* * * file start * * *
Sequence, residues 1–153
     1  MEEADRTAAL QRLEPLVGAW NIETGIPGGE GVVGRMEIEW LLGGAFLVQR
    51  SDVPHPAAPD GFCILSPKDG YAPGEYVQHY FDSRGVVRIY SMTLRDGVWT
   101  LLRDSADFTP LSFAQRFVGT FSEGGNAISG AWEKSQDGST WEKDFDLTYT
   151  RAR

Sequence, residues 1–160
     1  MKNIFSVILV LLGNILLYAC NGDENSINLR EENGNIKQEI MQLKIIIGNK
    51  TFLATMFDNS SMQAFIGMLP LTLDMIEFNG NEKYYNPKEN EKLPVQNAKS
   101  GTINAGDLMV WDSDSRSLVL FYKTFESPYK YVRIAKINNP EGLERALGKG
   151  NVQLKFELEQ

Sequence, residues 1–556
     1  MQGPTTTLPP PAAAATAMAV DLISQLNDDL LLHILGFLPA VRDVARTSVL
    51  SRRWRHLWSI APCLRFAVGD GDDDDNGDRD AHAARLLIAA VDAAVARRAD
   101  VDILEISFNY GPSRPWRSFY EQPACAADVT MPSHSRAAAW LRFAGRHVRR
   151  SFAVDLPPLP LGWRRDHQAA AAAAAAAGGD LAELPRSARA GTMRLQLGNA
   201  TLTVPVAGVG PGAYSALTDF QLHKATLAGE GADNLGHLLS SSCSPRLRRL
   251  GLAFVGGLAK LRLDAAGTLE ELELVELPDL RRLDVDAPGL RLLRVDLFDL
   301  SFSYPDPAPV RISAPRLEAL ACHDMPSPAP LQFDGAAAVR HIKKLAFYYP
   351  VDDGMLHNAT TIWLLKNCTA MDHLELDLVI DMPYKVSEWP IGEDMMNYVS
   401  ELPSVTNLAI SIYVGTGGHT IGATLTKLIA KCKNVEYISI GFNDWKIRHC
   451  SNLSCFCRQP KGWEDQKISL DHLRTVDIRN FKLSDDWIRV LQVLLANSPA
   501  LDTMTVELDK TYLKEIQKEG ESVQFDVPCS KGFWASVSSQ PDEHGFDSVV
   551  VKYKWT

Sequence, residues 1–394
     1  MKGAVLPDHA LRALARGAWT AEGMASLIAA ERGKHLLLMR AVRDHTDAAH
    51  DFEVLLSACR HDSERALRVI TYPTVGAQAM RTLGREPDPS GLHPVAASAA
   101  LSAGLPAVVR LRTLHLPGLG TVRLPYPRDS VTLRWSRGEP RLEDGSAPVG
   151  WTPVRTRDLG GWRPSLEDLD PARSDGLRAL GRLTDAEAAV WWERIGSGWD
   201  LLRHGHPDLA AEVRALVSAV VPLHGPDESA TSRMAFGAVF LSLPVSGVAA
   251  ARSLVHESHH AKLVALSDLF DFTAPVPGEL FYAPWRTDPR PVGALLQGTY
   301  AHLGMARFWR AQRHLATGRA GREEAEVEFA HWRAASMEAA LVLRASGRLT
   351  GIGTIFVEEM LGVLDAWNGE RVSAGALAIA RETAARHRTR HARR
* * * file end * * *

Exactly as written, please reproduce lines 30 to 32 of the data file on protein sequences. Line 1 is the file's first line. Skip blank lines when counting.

   251  ARSLVHESHH AKLVALSDLF DFTAPVPGEL FYAPWRTDPR PVGALLQGTY
   301  AHLGMARFWR AQRHLATGRA GREEAEVEFA HWRAASMEAA LVLRASGRLT
   351  GIGTIFVEEM LGVLDAWNGE RVSAGALAIA RETAARHRTR HARR